james-caan-republican-john-wayne

One of the last poems Poe ever wrote, published the year he died, 1849, is a lyrical rumination on humanity’s futile search for happiness. The knight in the poem fails to find happiness; and in his own life, Poe failed too.

‘Eldorado’

Gaily bedight,

A gallant knight,

In sunshine and in shadow,

Had journeyed long,

Singing a song,

In search of Eldorado.

But he grew old—

This knight so bold—

And o’er his heart a shadow

Fell as he found

No spot of ground

That looked like Eldorado.

And, as his strength

Failed him at length,

He met a pilgrim shadow—

“Shadow,” said he,

“Where can it be—

This land of Eldorado?”

“Over the Mountains

Of the Moon,

Down the Valley of the Shadow,

Ride, boldly ride,”

The shade replied—

“If you seek for Eldorado!”

So lovely how ‘shadow’ occurs in every sestet (a stanza with six lines), and how its meaning changes. The simplicity of this poem, its elegance and beauty bely its grim message.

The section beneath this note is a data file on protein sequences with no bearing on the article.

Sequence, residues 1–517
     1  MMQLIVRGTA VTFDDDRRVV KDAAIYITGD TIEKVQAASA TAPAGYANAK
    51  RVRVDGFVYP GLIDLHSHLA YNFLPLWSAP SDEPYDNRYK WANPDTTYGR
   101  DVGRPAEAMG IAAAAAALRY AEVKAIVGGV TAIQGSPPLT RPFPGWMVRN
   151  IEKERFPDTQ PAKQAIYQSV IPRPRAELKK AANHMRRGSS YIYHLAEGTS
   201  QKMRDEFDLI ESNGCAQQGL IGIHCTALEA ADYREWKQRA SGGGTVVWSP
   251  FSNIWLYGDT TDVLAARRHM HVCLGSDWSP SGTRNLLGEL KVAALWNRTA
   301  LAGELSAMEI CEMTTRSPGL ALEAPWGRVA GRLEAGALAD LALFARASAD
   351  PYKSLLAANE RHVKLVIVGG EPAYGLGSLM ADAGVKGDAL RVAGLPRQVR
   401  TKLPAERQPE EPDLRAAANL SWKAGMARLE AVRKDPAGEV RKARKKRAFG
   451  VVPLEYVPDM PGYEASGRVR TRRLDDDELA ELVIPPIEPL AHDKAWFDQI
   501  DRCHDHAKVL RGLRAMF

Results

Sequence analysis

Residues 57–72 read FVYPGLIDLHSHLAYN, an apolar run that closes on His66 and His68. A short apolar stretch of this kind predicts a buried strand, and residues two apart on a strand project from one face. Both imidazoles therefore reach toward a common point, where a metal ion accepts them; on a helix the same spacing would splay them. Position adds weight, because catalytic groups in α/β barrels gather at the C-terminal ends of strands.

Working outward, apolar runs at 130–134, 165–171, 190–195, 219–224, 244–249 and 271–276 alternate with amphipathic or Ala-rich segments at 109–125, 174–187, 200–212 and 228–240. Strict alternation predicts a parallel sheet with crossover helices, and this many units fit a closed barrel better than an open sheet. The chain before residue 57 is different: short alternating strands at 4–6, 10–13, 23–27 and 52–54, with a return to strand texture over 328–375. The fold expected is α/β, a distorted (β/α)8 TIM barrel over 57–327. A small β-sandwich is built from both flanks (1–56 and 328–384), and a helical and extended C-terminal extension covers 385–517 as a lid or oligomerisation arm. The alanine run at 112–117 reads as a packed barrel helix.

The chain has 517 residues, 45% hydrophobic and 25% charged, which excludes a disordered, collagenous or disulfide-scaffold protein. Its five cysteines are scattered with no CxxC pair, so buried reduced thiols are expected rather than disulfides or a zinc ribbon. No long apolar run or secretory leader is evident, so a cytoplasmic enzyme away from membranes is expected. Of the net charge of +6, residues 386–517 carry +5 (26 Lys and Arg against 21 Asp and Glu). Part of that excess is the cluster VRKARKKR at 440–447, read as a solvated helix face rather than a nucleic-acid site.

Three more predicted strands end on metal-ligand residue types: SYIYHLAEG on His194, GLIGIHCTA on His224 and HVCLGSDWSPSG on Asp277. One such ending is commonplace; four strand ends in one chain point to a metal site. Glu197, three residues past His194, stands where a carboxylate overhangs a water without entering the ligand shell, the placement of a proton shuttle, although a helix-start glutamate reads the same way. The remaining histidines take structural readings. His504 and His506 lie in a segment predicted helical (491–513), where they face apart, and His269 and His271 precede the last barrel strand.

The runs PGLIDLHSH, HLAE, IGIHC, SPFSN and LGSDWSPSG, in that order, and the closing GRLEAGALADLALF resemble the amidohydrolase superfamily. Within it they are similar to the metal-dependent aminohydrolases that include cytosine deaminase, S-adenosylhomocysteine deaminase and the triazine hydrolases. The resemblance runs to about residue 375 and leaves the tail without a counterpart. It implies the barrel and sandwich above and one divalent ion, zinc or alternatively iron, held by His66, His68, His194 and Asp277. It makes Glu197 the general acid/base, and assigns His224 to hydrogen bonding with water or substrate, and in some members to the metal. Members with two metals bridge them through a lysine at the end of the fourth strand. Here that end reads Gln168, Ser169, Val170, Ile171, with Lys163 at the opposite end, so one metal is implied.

This poem has enjoyed enduring popularity: Classical composers have put it to music as well as pop (including one of my favorite pop artists of the 60’s, Donovan). Movies have found its lyrics irresistible, and you can find snippets of this verse being quoted by the likes of James Caan and Kiefer Sutherland.  

Read it aloud, it’s October, the perfect month for Poe; he died this month 166 years ago.

The image is from the 1966 film El Dorado, where John Wayne shoots people, and James Caan quotes Edgar A. Poe.

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